Australian-first Suicide Prevention Guidelines for LGBTQA+ Young People

Posted 16th May 2023 in Sector news

A new set of Australian guidelines outlining best practices for suicide prevention in LGBTQA+ young people aim to help clinical and community service providers improve care for LGBTAQ+ young people who experience suicidal behaviours.

The guidelines Suicide prevention in LGBTQA+ young people: Best practice guidelines for clinical and community service providers were developed in collaboration between researchers from Telethon Kids Institute, The University of Western Australia, The Gender Diversity Service at Perth Children’s Hospital, Orygen, and the University of Melbourne.

Two guideline authors, Dr Penelope Strauss and Dr Yael Perry, explained that young people of diverse gender and/or sexuality (LGBTQA+) experience higher rates of suicidal thoughts and behaviours than the general population. More than a quarter of LGBTQA+ young people have attempted suicide in their lifetime, almost five times the rate reported in the general population.

This population also experiences barriers to receiving help, as services are often not affirming environments for LGBTQA+ young people, nor do the staff always have the skills or confidence to support LGBTQA+ people. Thus, they felt it was imperative to develop a resource for service providers that is easy to access, understand, and implement to help reduce suicidal thoughts and behaviours in LGBTQA+ young people. To meet this need, Dr Strauss, Dr Perry and other researchers developed and launched best practice guidelines for preventing suicide and reducing suicidal thoughts and behaviours in LGBTQA+ young people in clinical and community service settings.

Dr Strauss and Dr Perry emphasise that these guidelines are the first in Australia. They explain the guidelines were developed alongside LGBTQA+ young people and professionals with expertise in LGBTQA+ mental health and suicide prevention, using the Delphi consensus method whereby lived experience, research evidence and clinical practice are valued and reflected in the resulting guidelines. A total of 115 people participated in the Delphi process; 52 professionals and 63 LGBTQA+ young people completed round one, where they were provided with a series of practical and clinical recommendations and asked to endorse those that were the most important for LGBTQA+ youth suicide prevention. Approximately 80% of participants were retained in round 2 of the Delphi survey, where additional recommendations were provided and rated. A total of 290 items were included in the guidelines and grouped into:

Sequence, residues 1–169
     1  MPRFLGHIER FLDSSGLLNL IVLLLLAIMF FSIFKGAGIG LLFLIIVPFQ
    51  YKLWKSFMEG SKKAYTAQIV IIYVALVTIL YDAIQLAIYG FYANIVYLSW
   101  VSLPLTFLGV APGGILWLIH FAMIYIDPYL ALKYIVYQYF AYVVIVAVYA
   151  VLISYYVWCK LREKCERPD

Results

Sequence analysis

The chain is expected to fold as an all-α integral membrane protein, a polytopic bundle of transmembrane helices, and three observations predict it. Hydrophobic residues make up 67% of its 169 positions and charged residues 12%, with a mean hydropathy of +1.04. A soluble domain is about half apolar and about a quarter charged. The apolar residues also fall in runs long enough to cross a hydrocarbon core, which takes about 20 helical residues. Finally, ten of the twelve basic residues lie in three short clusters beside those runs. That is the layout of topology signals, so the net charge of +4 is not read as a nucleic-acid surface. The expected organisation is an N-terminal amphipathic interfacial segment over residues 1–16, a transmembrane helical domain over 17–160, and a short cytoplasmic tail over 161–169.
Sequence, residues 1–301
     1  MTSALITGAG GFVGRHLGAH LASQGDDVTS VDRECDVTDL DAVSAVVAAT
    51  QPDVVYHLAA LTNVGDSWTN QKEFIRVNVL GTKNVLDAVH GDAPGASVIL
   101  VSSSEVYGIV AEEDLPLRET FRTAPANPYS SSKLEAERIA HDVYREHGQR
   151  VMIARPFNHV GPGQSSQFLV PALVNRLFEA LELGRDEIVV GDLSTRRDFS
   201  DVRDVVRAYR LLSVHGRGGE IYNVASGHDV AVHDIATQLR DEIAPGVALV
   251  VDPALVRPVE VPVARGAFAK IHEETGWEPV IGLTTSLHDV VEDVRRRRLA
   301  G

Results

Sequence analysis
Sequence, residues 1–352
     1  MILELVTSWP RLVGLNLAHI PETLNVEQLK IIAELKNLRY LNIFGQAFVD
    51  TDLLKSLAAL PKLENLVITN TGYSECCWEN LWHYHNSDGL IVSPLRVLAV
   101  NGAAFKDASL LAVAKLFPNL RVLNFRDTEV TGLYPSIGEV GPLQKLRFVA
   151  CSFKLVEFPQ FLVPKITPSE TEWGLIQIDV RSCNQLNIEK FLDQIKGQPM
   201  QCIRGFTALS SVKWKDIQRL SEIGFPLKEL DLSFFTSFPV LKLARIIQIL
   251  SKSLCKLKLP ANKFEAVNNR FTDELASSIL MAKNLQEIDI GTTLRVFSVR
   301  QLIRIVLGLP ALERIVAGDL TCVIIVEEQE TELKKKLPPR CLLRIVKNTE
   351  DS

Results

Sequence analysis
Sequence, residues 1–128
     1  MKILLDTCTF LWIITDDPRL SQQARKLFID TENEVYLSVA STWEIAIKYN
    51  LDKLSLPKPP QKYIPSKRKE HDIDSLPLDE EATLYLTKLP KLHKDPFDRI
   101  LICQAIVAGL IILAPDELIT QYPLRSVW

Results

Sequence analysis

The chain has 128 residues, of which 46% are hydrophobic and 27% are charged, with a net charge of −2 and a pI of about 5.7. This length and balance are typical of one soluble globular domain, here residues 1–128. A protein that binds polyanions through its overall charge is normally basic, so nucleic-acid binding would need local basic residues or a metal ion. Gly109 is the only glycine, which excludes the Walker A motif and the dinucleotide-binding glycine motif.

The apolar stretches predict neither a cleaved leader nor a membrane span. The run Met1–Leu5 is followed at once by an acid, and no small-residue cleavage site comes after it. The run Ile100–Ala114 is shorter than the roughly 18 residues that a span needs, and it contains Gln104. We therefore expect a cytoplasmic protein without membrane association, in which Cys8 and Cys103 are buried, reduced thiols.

1. General principles for creating an affirming and inclusive environment for LGBTQA+ young people (e.g. “Use the same label/language used by the young person when they refer to their sexuality”).
  2. Assessing suicide risk and working with suicidal LGBTQA+ young people (i.e. additional risk and protective factors relevant to LGBTQA+ young people that should be included in psychosocial assessments).
  3. Considerations for specific LGBTQA+ populations (Aboriginal and/or Torres Strait Islander LGBTQA+ young people, trans young people, and neurodiverse LGBTQA+ young people).
  4. Advocating for LGBTQA+ young people (e.g., “Request that training in LGBTQA+ inclusivity is made available to all employees, volunteers, and/or students at the service”).

The authors hope that these guidelines will provide practical support to service providers, regardless of prior training in LGBTQA+ identities or mental health or experience in working with LGBTQA+ young people, and encourage service providers to download the guidelines and implementation guide, request a hard copy of the guidelines, or view the launch webinar (including Auslan interpretation).

Life in Mind
acknowledges the contributions of Dr Penelope Strauss and Dr Yael Perry to developing this news item.

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